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Why it is not possible to measure the drift velocity for electron by timing their travel along a conductor? I know electron is very small and we cannot measure each electron time of collision but than how we measure drift velocity if we can't calculate time?

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  • $\begingroup$ It is really simple - you take one electron, paint it blue, and then time it as it goes down your wire. Oh, wait, we can't paint one blue and distinguish it from the rest of them... Sigh. $\endgroup$
    – Jon Custer
    Commented Nov 11, 2016 at 17:29
  • $\begingroup$ @JonCuster With a brief explanation of why we can't paint one electron blue, that would be better suited as an answer than a comment. $\endgroup$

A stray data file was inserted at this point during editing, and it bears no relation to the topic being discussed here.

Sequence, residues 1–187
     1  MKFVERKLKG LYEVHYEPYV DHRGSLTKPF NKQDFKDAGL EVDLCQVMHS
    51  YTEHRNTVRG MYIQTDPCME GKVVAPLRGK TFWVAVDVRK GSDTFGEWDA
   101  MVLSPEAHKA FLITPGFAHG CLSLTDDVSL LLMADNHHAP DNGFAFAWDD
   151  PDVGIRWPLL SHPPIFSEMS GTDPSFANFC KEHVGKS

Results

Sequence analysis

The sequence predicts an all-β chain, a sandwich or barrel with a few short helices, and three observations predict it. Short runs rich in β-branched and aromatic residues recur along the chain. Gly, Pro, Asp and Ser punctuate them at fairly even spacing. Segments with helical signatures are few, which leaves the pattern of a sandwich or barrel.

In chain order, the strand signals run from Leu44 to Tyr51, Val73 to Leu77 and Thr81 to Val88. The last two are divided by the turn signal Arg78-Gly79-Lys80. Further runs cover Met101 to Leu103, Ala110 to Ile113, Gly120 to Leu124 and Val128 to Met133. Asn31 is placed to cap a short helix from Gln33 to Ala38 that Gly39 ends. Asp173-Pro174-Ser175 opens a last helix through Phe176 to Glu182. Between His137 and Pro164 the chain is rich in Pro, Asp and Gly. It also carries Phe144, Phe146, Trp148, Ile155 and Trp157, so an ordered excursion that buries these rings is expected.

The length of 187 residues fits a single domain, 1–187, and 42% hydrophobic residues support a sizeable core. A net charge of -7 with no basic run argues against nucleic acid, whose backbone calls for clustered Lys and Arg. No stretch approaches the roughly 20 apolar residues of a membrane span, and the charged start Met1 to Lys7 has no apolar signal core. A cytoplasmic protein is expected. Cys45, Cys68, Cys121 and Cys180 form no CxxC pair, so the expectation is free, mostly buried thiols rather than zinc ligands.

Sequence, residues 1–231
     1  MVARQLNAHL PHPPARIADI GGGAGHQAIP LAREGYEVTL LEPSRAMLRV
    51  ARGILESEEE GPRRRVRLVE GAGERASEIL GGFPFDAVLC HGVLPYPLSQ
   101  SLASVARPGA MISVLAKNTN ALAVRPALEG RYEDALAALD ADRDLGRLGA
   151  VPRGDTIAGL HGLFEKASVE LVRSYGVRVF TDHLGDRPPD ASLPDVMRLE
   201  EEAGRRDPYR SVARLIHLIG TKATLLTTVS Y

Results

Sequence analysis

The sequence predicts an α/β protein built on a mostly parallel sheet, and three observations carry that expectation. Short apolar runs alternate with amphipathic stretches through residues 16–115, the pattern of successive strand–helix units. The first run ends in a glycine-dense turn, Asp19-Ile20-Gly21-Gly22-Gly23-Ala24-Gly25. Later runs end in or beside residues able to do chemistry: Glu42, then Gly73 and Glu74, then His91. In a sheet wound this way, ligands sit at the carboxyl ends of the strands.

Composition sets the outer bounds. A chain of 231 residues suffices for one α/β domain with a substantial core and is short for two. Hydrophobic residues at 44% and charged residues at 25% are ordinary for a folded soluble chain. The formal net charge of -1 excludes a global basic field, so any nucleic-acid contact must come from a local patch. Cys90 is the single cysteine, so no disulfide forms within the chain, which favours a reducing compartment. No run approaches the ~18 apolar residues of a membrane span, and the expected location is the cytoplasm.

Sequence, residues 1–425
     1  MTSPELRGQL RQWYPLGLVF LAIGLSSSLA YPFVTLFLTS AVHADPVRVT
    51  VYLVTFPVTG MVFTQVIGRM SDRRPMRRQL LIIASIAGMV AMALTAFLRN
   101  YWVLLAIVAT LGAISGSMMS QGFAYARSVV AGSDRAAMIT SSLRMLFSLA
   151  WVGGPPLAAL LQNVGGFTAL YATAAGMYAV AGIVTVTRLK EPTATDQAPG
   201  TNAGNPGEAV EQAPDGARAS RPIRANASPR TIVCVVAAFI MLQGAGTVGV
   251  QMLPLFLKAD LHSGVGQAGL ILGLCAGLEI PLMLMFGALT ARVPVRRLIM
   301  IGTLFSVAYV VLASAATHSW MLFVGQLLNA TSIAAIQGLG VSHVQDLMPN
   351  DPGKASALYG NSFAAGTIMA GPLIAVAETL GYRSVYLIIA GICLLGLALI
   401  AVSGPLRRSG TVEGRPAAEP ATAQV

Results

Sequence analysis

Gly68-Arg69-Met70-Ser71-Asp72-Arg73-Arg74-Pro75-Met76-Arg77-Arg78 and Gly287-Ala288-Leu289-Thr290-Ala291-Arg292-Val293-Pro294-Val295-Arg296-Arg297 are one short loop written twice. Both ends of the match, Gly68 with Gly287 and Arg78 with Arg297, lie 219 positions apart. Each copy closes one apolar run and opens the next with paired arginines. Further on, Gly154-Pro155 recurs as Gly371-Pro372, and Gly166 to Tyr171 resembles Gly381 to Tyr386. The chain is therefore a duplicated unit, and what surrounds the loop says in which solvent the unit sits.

– rob
    Commented Nov 11, 2016 at 20:40

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The mean drift velocity $v$ of an electron in a conductor can be easily measured by measuring the current density $j=I/A$, $I$ current, $A$ cross section area, and the electron density $n$ from a Hall effect measurement $R_H=\frac{1}{e n}$. Thus you get the mean drift velocity of the electrons $$v=\frac{j}{n e}$$

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